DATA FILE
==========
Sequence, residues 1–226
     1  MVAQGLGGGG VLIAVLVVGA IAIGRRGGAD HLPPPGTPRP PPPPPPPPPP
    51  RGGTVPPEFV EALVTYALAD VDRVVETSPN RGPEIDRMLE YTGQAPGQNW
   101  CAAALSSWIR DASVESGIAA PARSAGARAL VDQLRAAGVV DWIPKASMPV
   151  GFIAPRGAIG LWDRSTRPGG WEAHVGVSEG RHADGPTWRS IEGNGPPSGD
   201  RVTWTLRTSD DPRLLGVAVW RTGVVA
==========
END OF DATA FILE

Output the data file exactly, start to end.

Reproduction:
Sequence, residues 1–226
     1  MVAQGLGGGG VLIAVLVVGA IAIGRRGGAD HLPPPGTPRP PPPPPPPPPP
    51  RGGTVPPEFV EALVTYALAD VDRVVETSPN RGPEIDRMLE YTGQAPGQNW
   101  CAAALSSWIR DASVESGIAA PARSAGARAL VDQLRAAGVV DWIPKASMPV
   151  GFIAPRGAIG LWDRSTRPGG WEAHVGVSEG RHADGPTWRS IEGNGPPSGD
   201  RVTWTLRTSD DPRLLGVAVW RTGVVA